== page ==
KING: Tracking down the oldest European settlement in the Ottawa Valley

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This article was originally published at Ottawa Rewind.

 

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Lying quietly on the shores of the Ottawa River near Quyon, QC the remains of the Ottawa Valley’s oldest home and a Hudson’s Bay Trading Post lie forgotten.

 

Situated approximately 57km northwest of Ottawa a nondescript piece of property was recently listed for sale. The serene $55,000 piece of real estate on the Quebec side lies a mile above Chats Falls on the Ottawa River and boasts a dock, beach and views of our kaleidoscope sunsets in addition to another curious amenity: It is the oldest known European settlement in the Ottawa Valley with ruins of a centuries old Hudson’s Bay Trading Post concealed nearby.

A typical 1800's trading post of that would have been a similar scene at the property on Mondion Point.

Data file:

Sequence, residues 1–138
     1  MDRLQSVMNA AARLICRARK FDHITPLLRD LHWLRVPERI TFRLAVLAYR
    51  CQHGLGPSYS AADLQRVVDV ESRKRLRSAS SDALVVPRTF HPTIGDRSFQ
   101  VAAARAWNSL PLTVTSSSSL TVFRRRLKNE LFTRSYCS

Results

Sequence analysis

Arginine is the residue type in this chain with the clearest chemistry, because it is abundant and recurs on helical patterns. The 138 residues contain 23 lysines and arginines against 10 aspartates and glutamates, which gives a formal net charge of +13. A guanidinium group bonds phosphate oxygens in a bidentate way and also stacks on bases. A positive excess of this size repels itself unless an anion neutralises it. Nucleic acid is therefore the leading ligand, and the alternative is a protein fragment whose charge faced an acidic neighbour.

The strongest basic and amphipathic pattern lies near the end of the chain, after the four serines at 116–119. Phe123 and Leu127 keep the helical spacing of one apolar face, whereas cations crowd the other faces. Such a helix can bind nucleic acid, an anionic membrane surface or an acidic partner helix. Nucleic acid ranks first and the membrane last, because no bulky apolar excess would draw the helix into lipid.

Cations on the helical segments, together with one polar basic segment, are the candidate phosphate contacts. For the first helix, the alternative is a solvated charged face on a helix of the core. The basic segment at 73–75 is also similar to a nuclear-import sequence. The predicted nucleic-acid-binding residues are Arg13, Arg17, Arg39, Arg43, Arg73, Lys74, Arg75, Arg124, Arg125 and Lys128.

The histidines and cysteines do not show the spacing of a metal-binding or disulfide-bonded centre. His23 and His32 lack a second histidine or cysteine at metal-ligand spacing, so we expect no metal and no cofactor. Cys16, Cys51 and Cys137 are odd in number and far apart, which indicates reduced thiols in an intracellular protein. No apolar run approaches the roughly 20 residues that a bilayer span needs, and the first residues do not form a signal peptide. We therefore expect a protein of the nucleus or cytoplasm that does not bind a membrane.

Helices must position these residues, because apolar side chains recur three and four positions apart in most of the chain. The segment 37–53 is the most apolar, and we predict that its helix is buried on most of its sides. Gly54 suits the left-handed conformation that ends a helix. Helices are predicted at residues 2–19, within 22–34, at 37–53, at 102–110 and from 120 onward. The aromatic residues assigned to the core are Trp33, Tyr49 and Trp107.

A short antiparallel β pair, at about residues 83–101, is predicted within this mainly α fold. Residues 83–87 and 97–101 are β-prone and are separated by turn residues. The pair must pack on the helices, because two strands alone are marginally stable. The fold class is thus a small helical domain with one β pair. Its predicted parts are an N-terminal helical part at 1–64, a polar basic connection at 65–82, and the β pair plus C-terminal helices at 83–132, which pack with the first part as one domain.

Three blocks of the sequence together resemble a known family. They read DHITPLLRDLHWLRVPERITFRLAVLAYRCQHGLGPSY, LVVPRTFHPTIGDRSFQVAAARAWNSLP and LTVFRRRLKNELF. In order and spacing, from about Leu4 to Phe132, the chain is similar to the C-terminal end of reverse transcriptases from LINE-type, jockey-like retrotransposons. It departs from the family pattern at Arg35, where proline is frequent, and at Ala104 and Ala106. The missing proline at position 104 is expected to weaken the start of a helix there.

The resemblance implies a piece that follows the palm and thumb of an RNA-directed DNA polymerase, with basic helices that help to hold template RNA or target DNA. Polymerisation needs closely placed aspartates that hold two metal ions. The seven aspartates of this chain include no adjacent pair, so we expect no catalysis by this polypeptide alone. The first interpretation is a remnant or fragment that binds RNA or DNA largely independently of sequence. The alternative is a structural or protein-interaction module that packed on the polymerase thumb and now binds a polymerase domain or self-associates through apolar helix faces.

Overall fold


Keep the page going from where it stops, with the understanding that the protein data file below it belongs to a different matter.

A typical 1800’s trading post that would have been a similar scene at the property on Mondion Point.

 

Before Philomen Wright arrived in 1800 from Massachusetts to settle the National Capital Region in Hull, there was another white man that settled in the wilds of the Ottawa River Valley. Traversed by nomadic tribes of the First Nations for thousands of years before any white man arrived to transport goods and copper from Lake Superior east along the Ottawa River, or “Great River” as it was known then, this property was a strategic and cultural piece of land.  Samuel Champlain would have been the first white man to explore in detail the Ottawa Valley and passed by this property in the early 1600’s but it wouldn’t be until 1786 that another white man would decide to build a permanent residence here. Fourteen years prior to Philomen Wright setting up shop in Hull, Joseph Mondion arrived in 1786 on the very shores of this real estate currently for sale. Mondion cleared the area on a point of land now called Indian Point.

A description of the trading post at Mondion Point from an 1832 publication entitled "British Dominions in North America" by Joseph Bouchette

A description of the trading post at Mondion Point from an 1832 publication entitled “British Dominions in North America” by Joseph Bouchette